Interestingly, the whole album hangs together surprisingly well, given the amount of influences, the plethora of instruments, the different backgrounds of the members and the highly collaborative nature of the work. It’s not an easy thing to pull off. We’re often used to the concept of a dominant musician or producer having an idea and dragging everyone else along in the direction they want (sometimes necessary to bring a vision to life), but that this album works as well as it does I can only attribute to Re-Orient’s ability to really listen to each other, support and co-create. After 20 years I suppose they’ve got the right fusion after all.  This is one to listen to and then listen again... (More info on Re-Orient from and

The other album from ARC Music comes from Australia and is by Charlie McMahon and Gondwana and is called “Didj Heart” (EUCD 2370). To be honest it’s not really my thing, so I’m not going to comment one way or another on it as what doesn't float my boat, might well rock yours. There’s rarely such a thing as ‘bad music’, just music you haven’t been able to appreciate yet. If you like didgeridoo fusion music then check it out.   Maybe I just need to go walkabout and get my head around the style.  (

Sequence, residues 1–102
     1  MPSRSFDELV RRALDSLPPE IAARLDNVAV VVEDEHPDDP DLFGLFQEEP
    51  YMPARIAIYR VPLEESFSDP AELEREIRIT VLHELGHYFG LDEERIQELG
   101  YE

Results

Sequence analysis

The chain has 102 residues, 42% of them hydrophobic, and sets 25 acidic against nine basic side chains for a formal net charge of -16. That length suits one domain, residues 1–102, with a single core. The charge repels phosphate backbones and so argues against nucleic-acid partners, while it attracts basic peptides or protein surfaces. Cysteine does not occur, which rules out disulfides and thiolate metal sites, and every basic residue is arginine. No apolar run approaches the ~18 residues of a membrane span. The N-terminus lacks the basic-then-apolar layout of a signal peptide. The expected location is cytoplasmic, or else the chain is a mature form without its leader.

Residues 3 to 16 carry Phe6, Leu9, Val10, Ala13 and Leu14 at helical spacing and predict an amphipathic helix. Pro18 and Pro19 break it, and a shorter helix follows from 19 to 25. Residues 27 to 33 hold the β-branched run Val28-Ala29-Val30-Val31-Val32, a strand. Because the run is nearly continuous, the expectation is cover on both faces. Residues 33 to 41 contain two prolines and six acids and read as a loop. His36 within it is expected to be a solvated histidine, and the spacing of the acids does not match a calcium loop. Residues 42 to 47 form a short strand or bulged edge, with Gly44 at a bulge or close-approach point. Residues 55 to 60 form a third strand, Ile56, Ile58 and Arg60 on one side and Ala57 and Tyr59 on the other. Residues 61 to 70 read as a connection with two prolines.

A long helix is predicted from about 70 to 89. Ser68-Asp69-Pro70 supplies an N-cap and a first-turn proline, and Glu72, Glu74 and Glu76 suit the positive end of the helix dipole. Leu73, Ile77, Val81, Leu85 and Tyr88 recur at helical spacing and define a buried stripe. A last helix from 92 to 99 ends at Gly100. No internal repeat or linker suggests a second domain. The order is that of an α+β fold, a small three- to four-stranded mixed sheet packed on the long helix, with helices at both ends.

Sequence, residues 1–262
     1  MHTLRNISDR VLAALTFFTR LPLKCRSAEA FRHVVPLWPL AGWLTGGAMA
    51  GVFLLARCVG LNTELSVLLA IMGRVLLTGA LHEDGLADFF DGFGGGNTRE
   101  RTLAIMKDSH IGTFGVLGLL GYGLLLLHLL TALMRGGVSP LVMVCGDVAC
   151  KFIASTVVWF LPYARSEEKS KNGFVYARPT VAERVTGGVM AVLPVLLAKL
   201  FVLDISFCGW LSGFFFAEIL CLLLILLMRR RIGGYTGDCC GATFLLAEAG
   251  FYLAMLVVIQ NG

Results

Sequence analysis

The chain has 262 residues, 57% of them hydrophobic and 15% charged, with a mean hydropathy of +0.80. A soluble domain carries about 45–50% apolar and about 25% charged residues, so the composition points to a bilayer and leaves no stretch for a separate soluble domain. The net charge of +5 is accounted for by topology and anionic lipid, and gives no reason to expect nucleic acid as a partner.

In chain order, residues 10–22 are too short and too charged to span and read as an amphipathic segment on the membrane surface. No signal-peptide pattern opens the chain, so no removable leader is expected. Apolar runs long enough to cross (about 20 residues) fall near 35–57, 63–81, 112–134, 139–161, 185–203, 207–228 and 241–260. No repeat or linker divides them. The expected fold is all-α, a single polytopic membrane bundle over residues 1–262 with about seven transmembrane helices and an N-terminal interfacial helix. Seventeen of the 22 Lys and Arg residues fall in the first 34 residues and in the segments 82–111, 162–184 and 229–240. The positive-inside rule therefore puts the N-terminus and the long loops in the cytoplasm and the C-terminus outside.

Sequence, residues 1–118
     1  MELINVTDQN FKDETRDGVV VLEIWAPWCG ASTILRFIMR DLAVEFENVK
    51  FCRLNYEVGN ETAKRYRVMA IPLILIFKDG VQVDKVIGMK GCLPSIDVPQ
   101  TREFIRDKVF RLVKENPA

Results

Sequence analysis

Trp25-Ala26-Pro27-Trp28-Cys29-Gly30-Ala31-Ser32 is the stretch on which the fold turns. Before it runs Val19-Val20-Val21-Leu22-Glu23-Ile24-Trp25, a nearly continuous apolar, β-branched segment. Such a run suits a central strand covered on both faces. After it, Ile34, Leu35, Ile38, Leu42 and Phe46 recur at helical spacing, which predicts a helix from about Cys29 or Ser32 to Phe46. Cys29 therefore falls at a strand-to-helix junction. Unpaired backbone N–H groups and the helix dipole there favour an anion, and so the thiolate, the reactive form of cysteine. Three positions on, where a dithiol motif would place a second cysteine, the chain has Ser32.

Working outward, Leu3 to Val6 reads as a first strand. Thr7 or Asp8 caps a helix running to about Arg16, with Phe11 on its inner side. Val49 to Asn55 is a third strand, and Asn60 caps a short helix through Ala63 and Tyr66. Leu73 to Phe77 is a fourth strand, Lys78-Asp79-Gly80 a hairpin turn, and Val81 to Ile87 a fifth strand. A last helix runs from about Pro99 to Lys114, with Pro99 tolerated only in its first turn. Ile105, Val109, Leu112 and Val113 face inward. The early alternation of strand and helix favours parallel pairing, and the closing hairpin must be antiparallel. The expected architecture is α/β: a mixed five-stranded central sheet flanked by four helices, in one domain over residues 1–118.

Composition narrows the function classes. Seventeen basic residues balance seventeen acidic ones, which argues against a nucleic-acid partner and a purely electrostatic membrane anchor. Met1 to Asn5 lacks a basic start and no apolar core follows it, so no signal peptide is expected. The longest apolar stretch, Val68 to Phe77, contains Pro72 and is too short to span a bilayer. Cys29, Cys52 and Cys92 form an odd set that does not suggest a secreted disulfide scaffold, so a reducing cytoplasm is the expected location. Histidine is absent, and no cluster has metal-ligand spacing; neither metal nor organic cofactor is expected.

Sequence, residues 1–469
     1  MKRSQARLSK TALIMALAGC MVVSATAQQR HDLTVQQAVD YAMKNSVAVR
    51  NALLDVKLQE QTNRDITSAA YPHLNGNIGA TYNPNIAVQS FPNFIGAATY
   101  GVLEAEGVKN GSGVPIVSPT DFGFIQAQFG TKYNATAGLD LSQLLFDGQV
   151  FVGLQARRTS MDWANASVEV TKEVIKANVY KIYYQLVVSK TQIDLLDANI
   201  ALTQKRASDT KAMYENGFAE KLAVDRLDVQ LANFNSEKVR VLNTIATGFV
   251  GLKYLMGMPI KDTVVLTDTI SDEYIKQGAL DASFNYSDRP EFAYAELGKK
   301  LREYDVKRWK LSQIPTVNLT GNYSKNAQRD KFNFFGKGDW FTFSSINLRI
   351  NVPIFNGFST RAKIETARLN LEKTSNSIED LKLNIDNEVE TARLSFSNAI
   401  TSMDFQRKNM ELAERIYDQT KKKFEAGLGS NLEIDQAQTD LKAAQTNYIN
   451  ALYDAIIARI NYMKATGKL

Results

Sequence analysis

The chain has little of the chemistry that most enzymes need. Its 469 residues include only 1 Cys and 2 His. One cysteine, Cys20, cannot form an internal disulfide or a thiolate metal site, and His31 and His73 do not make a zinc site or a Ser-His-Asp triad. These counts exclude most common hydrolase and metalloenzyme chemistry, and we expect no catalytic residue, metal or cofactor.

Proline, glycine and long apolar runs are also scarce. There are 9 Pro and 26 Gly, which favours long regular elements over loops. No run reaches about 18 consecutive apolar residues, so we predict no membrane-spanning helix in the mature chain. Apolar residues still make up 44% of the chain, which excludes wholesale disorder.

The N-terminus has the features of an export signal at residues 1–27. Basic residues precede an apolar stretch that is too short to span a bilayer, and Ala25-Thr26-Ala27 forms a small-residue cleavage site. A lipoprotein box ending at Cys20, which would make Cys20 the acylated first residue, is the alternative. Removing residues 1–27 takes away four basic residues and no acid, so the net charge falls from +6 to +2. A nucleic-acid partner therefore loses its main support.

Well there we go for this blog. How on earth do I do it? Every time I sit down I tell myself: “just a few words on each one; don’t get carried away”. Nah, can’t be done - I’ve too much to say! Time for tea, I think!   Tomorrow, I really will keep it brief . . . !

Glyn Phillips ( - Wed 2nd May 2012

Womex 2010 - Editor's Highlights (pt 2: Sexto Sentido)

Tagged with: Sexto Sentido Cuba Arlety Valdes Yudelkis LaFuente Eliene Castillo Wendy Vizcaino Chucho Valdes Guajiro The Way Bossa Cubana Mi Feeling RnB Soul Jazz Latin Womex Charlie Scotts Melvis Estevez Joao Donato Jorge Baglan Glyn Phillips

 This is the second of my blogs about Womex 10, the World Music Expo, held in Copenhagen, Denmark, last month (Oct 2010). Here are some more of my highlights.